Most of what we consider a “traditional” marriage (by today's standards) – was evolved directly from the ceremonies of The Medieval Era. The process of marriage was originally NOT one of love. It was a political move (in most cases). If “love” or even “friendship” developed – it was a “plus”. Most Princes and Princesses were “promised” or even “married” WITHOUT ever meeting each other. These “arranged marriages” were devised to bring together rival Kingdoms and seal Pacts of Defense. In addition, especially in wealthier Kingdoms – large amounts of monies were exchanged. Often, such marriages could stop (or avert) a War. Royalty and Noble People married with great pomp and ceremony. Such events were sanctioned by The Church. In the case of Commoner's – marriage was not an “alien notion”. Their ceremonies were simple affairs. As time progressed, they began to emulate “Noble Weddings”.
In the case of a “Noble or Royal Wedding”, (assuming both were NOT promised as infants), the age of the Girl was to be 12. The Boy was set at 17. The Girl had to provide a monetary gift called a “Dowry”. This “gift” was set depending on the Region and culture of the time. This Dowry remained the property of The Boy (even if the marriage was annulled). A brief ceremony was conducted at the Altar of the local Church. Both Parties stood (with the Girl on the left and the Boy on the right). This positioning symbolized the biblical “Adam and Eve” (of which Eve came from Adam's left side). The Priest would request any prohibitions to the marriage. The Groom was then expected to pay a “fee” for his marriage. This was a “promise” that he would not “back out” of the agreement. The two would depart and have NO CONTACT for a 40-day period. This was intended to serve 2 purposes. First, to allow sufficient time for an prohibitions to be made known, and to see if the Groom would “honor” his “verbal agreement”. IF the Groom (the Bride had not such address) – withdrew his “pledge”, he could – but he would have to pay a “fine” normally 4 times the amount of his “Altar Fee”. Notwithstanding, during the 40-day Period, a written announcement was posted on The Church door (or Outer Gates). The Letter of Prohibition gave all who wished the right to contest the Nuptials. Examples of prohibitions could be: not the proper age or Consaguinity (meaning both Parties were too closely related). Rape and adultery were also considered factors.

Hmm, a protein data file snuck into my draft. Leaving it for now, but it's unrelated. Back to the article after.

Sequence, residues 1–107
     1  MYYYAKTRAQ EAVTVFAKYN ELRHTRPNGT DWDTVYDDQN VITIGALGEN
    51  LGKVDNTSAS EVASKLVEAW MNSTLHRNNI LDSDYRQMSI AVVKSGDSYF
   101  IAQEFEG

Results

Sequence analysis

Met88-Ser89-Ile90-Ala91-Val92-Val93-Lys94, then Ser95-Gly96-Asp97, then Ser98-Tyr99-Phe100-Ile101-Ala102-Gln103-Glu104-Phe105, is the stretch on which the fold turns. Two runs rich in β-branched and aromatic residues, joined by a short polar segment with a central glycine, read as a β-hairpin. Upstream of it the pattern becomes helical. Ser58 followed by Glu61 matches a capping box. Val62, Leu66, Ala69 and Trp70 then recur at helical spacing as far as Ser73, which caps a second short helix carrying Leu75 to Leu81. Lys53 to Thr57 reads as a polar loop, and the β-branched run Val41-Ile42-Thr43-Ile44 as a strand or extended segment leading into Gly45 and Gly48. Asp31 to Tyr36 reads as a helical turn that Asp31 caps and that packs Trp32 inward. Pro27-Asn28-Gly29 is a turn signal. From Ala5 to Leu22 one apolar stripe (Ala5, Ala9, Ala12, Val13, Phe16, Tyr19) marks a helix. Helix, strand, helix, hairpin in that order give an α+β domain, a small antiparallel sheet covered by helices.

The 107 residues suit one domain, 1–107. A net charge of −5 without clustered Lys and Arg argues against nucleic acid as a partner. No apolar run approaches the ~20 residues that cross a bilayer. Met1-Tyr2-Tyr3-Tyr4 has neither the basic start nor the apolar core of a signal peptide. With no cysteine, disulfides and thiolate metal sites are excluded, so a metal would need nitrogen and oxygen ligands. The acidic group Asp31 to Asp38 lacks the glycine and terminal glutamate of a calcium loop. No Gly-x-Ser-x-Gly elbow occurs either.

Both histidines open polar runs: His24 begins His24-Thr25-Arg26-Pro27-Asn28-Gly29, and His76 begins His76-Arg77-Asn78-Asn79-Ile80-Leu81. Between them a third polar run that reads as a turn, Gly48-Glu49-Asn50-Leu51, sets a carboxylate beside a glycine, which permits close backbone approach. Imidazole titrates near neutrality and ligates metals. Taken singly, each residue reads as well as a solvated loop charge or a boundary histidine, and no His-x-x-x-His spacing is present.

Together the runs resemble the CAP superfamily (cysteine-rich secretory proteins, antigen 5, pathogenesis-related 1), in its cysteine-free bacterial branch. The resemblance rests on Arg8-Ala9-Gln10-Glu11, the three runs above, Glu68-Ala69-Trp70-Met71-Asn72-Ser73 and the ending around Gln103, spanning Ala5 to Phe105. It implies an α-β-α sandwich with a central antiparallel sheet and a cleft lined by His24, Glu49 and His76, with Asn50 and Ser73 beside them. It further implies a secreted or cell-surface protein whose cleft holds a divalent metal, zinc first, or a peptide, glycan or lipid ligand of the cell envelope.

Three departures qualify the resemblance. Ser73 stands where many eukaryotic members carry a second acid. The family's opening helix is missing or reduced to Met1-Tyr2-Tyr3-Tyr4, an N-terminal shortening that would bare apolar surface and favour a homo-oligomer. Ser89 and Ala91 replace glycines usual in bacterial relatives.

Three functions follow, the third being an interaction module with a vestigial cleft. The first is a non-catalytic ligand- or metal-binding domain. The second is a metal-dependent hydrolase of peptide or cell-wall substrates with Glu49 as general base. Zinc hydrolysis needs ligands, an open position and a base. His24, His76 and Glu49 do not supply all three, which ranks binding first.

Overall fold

After the 40-day (and usually within the week prior), The Bride's Maid of Honor would spent this time preparing everything that was needed for the ceremony (much as a Modern Wedding Planner). The Bride always wore blue. In The Middle Ages, this color was considered “pure” (not White). At the actual ceremony, Nobility would stand before The Church Altar, were the Priest would verbally “affirm” The Letter of Prohibition and begin the Ceremony of Union. The wording of today's “Vows” have NOT changed much. Next, to symbolize the Union of the 2 Houses or Kingdoms – a plain Gold Ring was placed on both Parties hands. This was the primary practice that Commoners so emulated (and remains today). The use of precious stones was considered “inappropriate”. Next, (for Nobles) – a huge Feast was held. The Couple would be given a special “Spiced Wine”.
Later, prior to The Bride's supposed “consumation”- she would be given a special tonic called a “Bride's Broth”. As time went one, MANY additions to the common marriage were introduced. Many Crusading Knights returning home began to incorporate the Middle Eastern custom of “The Bridal Veil” This was originally considered to ward off “The Evil Eye”. The fashion took. It was also considered “lucky” (especially among Commoners) to try and get a piece of The Bride's gown. Often, poor Common Bride's would have their dresses shredded for this custom. Finally, Nobles (again coming back from The Crusades), brought the customs of “Garland Flowers” or Bouquets. Used in some Middle Eastern Countries, flowers were seen as good luck in marriage. The Bride would wear such Flowers in a ring around her hair. Later, they were incorporated in Bouquets (and thrown to potential Brides).